Use this URL to cite or link to this record in EThOS: http://ethos.bl.uk/OrderDetails.do?uin=uk.bl.ethos.602584
Title: Causal structure and base rate neglect in statistical reasoning
Author: McNair , Simon John
Awarding Body: Queen's University Belfast
Current Institution: Queen's University Belfast
Date of Award: 2013
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Abstract:
This PhD is concerned with the causal Bayesian framework account of probabilistic judgement (Krynski & Tenenbaum, 2007). which posits that accurate Bayesian reasoning is contingent upon the reasoner being able to intuitively represent evidence in terms of a sufficient causal model. According to this account, base rate neglect whereby reasoners fail to consider the prior probability of the hypothesis, irrespective of the evidence - can be overcome by explicitly clarifying the causal basis of all of the given evidence. Chapter 1 reviews the literature on base rate neglect; details the main accounts of base rate neglect in Bayesian reasoning; considers some issues with the causal Bayesian framework; and finally outlines the main aims of the PhD. Chapter 2 presents two dual-task experiments which aimed to test the intuitiveness of causal facilitation. Whilst secondary load was not found to have an overall effect on reasoning, subsequent non-load experiments in the chapter found similar levels of causal facilitation to the dual-task experiments. leading to the overall conclusion that facilitation occurs outside of working memory considerations. Chapter 3 indicated that the causal facilitation effect was present only • in the absence of an additional intervention designed to highlight nested set relations in the data, indicating that reasoners may not employ a strictly causal model, but instead represent different causes as interrelated sets of data. Chapter 4 demonstrated that the causal facilitation effect was limited to reasoners of sufficiently high numeracy, which explained the consistently lower levels of Bayesian responding reported throughout the rest of the PhD. • Overall, the thesis furthers our understanding of how mental representations can positively influence judgements over the classical, purely statistical approach. Clarifying the causal basis of the given evidence can help reasoners of good numerical ability to intuitively recognise the set relations between data, leading to Significant improvements in performance.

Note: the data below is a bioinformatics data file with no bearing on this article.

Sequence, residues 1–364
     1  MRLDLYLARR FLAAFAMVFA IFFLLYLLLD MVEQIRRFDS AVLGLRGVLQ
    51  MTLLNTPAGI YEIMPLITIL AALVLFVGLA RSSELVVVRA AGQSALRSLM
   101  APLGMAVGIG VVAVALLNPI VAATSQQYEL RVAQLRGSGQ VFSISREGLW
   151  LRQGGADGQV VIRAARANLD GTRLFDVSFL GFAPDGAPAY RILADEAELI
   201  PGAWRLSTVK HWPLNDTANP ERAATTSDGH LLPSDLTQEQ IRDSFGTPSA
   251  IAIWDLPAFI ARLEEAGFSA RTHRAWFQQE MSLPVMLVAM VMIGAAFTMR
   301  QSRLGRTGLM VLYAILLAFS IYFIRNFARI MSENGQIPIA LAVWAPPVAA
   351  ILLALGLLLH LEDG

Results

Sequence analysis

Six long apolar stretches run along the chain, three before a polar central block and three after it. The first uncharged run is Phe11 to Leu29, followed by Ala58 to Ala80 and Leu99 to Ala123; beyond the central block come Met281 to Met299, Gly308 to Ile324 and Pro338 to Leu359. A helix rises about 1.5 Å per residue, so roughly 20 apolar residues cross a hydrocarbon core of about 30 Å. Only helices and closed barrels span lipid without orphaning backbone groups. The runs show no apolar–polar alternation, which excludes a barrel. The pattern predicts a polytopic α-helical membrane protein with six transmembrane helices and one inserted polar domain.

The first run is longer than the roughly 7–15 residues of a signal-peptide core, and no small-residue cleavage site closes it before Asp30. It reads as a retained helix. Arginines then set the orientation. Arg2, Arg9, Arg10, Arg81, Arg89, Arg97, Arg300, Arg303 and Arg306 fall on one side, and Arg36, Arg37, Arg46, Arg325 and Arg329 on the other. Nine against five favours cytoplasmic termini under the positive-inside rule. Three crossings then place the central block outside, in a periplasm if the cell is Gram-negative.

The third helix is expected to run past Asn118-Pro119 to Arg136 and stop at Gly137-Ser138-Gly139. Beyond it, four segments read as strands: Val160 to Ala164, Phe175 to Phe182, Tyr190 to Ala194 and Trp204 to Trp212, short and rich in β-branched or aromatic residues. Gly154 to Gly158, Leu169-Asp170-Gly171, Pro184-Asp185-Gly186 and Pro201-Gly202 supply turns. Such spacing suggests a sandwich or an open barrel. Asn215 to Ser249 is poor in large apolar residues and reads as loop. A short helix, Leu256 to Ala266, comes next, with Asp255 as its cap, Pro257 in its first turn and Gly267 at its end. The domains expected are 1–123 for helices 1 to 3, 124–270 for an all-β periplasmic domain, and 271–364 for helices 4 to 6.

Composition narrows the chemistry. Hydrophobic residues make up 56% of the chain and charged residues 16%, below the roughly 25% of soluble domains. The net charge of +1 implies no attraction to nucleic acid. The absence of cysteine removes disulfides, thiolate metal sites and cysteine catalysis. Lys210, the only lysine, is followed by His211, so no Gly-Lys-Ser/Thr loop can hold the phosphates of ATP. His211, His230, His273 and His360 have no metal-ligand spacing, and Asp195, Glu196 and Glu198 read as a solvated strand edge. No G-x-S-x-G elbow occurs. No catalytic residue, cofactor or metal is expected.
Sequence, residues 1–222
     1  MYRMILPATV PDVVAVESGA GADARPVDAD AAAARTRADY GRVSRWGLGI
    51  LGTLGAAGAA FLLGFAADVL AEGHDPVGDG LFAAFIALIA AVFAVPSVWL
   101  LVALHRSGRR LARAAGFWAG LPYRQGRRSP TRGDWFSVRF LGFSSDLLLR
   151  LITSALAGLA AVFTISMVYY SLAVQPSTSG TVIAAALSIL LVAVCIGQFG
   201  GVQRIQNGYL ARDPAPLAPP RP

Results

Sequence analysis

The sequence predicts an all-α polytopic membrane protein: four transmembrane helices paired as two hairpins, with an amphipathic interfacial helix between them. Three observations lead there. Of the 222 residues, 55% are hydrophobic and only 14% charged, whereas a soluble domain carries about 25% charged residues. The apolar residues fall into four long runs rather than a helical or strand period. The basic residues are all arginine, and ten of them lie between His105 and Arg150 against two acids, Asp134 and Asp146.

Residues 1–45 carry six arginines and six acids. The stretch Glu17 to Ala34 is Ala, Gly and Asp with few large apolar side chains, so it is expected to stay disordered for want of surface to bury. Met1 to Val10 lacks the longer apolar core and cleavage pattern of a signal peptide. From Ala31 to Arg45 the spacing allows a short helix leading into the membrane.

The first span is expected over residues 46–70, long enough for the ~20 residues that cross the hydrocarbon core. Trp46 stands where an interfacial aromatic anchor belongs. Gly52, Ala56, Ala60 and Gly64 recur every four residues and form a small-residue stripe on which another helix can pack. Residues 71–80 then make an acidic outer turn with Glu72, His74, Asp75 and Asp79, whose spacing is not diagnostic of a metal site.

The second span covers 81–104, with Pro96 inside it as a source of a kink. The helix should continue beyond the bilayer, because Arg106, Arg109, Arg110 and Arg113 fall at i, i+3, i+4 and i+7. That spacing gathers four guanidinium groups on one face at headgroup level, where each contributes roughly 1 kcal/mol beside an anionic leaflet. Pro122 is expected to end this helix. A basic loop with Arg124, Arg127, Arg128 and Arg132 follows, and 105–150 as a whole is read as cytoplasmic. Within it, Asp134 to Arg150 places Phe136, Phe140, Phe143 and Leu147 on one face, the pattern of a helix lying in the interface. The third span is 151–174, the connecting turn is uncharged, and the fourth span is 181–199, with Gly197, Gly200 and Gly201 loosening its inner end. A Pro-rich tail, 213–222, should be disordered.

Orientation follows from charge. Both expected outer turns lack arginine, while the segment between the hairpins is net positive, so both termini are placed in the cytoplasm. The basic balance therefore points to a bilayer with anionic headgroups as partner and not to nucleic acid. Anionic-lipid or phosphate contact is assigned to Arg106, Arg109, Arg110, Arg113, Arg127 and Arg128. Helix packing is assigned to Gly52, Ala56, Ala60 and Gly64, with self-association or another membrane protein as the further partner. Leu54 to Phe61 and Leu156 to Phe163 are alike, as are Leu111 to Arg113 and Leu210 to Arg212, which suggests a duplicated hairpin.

Supervisor: Not available Sponsor: Not available
Qualification Name: Thesis (Ph.D.) Qualification Level: Doctoral
EThOS ID: uk.bl.ethos.602584  DOI: Not available
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